I love Agatha Christie and Then there none is one of mine faves.

  11. So glad you’re better.
    I too have never read her stuff. For some reason I thought it would be predictable. Now I’ll have to read this one and the Poirot Christmas book. Can’t even fathom 100 million sold.

    • TBM says:

      Seriously, 100 million. I would be happy if my novel sound a 100 copies. Her numbers are way out of my range. I imagine some of her books follow a formula, but I haven’t read enough to determine for myself. But I can say she’s entertaining.

  12. Natalie says:

    I don’t think there’s quite an experience as reading And Then There Were None for the first time. I went through a Christie phase several years ago, and I’ve been meaning to get back into her work. I do remember that I enjoyed the ones that didn’t involve Poirot or Marple better. If you want something a little bit different, check out Death Comes As the End – a murder mystery set in ancient Egypt! It may not be among her very best, but it’s a break from her typical fare.

  13. The Secret of Chimneys is a favorite of mine, but I don’t think you can go wrong with anything by Agatha Christie. And it’s the perfect time of year to explore her world of intrigue.

    • TBM says:

      I’m loving it. It’s been getting dark earlier and the wind has been blowing. Perfect weather for reading about murder. All the sounds make me jump.

  14. Adam says:

    When I read a bunch of her books in a row they did seem to get a little formulaic, but if you space them out well enough (maybe 3 or 4 over the course of a year) you probably wouldn’t have that problem.

    Murder on the Orient Express was really interesting, and Death on the Nile was also fun (both of those are Poirot books), so I’d probably suggest looking at those two.

    • TBM says:

      I can see that reading too much of her at once could ruin it a little. I think many of you have suggested Murder on the Orient Express so that is going on the list for sure. I’ll look into Death on the Nile as well. You were one of the bloggers who piqued my curiosity about Christie earlier this year.

  15. Myra GB says:

    Hi TBM! It’s been so long since I’ve read an Agatha Christie novel, I can’t rightfully recall which one was it by now. I know what you mean though about not paying enough attention to prolific authors – I have the same feeling right now with Ray Bradbury (I’m on a Bradbury phase) and thankfully, I’m in my third book now for the month (I’ve read Fahrenheit 451, Something Wicked this Way Comes, and now deep into The October Country). Enjoy more mystery novels!

  16. pattisj says:

    Glad you are on the mend. I should probably re-read her books, it’s been years!

  17. Carl V. says:

    I haven’t officially “read” Christie but have listened to several of her books on audio. Favorites are The 7 Dials Mystery and Why Didn’t They Ask Evans and The Man in the Brown Suit. All of these have a similar vibe: spunky female characters and their male counterparts who decide to become amateur sleuths because of some mystery they stumble in to. They have an element of romance, some fun comedy of manners elements, and are very entertaining. They remind me of mystery versions of P.G. Wodehouse stories. I’d also recommend the short story collection The Mysterious Mr. Quinn. It is a great collection of stories featuring a gentlemen who always seems to find himself in a conversation about a formerly unsolved crime and this mysterious, almost supernatural gentleman named Harley Quinn shows up to lead him in solving the crime.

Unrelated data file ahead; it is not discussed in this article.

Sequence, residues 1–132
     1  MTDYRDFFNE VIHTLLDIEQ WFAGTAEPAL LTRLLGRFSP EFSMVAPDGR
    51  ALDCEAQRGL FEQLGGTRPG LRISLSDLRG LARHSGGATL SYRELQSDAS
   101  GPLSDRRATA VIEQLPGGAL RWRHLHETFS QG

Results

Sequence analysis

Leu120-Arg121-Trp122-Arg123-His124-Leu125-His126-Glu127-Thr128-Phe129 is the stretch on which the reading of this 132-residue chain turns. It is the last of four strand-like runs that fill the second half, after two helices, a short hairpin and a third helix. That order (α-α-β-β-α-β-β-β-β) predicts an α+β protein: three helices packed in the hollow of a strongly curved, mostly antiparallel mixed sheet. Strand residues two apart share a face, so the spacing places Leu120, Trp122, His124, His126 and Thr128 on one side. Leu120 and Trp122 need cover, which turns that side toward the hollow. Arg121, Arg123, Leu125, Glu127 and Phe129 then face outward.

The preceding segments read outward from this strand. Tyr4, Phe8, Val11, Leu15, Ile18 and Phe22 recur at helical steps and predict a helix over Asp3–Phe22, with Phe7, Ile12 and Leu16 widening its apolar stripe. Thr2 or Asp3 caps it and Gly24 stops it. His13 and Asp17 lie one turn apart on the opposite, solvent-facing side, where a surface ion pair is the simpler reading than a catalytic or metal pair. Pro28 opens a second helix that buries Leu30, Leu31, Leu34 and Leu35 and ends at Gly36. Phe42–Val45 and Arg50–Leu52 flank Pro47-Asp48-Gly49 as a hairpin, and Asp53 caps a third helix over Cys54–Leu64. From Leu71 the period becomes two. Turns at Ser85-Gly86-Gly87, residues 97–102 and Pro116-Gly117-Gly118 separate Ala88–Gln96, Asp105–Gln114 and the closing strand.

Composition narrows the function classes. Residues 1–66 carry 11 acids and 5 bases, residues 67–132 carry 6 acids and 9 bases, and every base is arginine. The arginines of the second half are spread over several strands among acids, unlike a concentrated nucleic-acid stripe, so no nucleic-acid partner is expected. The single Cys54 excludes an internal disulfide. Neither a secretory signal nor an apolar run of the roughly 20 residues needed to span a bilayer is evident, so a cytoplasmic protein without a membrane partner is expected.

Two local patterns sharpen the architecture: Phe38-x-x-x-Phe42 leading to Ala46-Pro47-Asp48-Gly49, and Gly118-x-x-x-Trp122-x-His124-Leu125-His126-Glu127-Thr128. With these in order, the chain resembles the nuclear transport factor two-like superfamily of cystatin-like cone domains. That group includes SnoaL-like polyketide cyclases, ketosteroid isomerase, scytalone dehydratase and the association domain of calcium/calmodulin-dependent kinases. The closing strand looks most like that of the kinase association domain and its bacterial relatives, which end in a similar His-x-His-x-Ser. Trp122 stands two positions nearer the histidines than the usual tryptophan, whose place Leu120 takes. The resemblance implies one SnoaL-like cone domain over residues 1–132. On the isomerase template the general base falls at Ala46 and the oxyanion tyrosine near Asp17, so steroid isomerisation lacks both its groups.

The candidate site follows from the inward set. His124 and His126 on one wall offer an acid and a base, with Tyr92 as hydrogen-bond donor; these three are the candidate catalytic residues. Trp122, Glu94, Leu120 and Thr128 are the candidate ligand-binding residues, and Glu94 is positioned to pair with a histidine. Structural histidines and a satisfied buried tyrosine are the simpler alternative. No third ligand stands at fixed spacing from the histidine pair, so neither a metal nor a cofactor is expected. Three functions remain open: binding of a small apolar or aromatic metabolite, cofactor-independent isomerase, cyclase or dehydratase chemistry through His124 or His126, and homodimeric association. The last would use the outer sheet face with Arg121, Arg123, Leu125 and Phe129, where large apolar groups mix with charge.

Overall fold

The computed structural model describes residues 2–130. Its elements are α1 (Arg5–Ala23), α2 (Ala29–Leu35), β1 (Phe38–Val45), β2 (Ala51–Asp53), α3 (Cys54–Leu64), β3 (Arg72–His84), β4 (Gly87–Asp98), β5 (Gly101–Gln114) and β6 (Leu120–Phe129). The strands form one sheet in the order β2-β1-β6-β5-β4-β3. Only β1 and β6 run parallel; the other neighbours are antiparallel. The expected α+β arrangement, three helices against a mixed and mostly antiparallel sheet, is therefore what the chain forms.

And Then There Were None is one of my favorites because I’ve seen the play based on it, Ten Little Indians, several times. There is a great old bw film version of it that is suitably creepy and worth checking out. I think it has the same name as the novel.

    • TBM says:

      Spunky female characters. I like the sound of that. Reminds me a little of Nick and Nora. Wow you haven’t mentioned Wodehouse in a while. Nicely done, Carl. Nicely done! I’ll put all of your suggestions onto my TBR. I should keep track of how many books you actually add to it. I could have a Carlometer and then measure how many I get to. I do have to admit, you haven’t suggested a bad book yet. Gaiman, Wodehouse, Asimov, Sanderson…oh so many wonderful writers that I’ve discovered thanks to you. Keep up the good work!

  18. Hello! I’m finding you via the RIP link-up and I’m happy to see that you’ve found (and enjoyed!) Ms. Christie. I’m new here but just had to comment: The Murder of Roger Ackroyd is by far my favorite Christie. It’s lesser known, but I promise you when you find out “who done it” at the end it’s total shock. I, personally, swore out loud when it was revealed and promptly flipped back to the start of the the book to read a bit again…how did I miss it! Drove me crazy and I must bow down to Christie as being a master of her craft 😉

  19. Fergiemoto says:

    I’m glad you are improving! Hope it won’t be much longer before you are back to feeling 100%.

  20. Georgia says:

    It occurs to me that I’ve never read any Agatha Christie either, but your review has inspired to transfer a stack of her books onto my e-reader just now and I’m really looking forward to reading this one first. I have seen the Mousetrap though, that was good fun, have you seen it yet? It is a London institution.

    • Georgia says:

      As you suggested I finished it quickly, and it would’ve happened anyway as I couldn’t put it down. And I loved it too! Interestingly in my copy the island was called Indian Island, not Soldier Island as per your review. I guess editorially that was changed for political correctness, but I wonder when that happened. I wouldn’t think that it would alter the story at all though.

      • TBM says:

        Not sure when the actual change occurred, but it was the second time it did. The first was a reference to blacks, but the term used was not kind and is not accepted in today’s world. Aside from all of that, I really did enjoy the story. Hard to put down!

  21. lynnsbooks says:

    It is a great story and your review makes me want to read it again! But, I no longer have copies of any of these and my library doesnt have a copy! Boo! I’ll have to keep my eyes open and see if I can pick up a copy somewhere.
    Thanks for making me want to have a revisit!
    Lynn 😀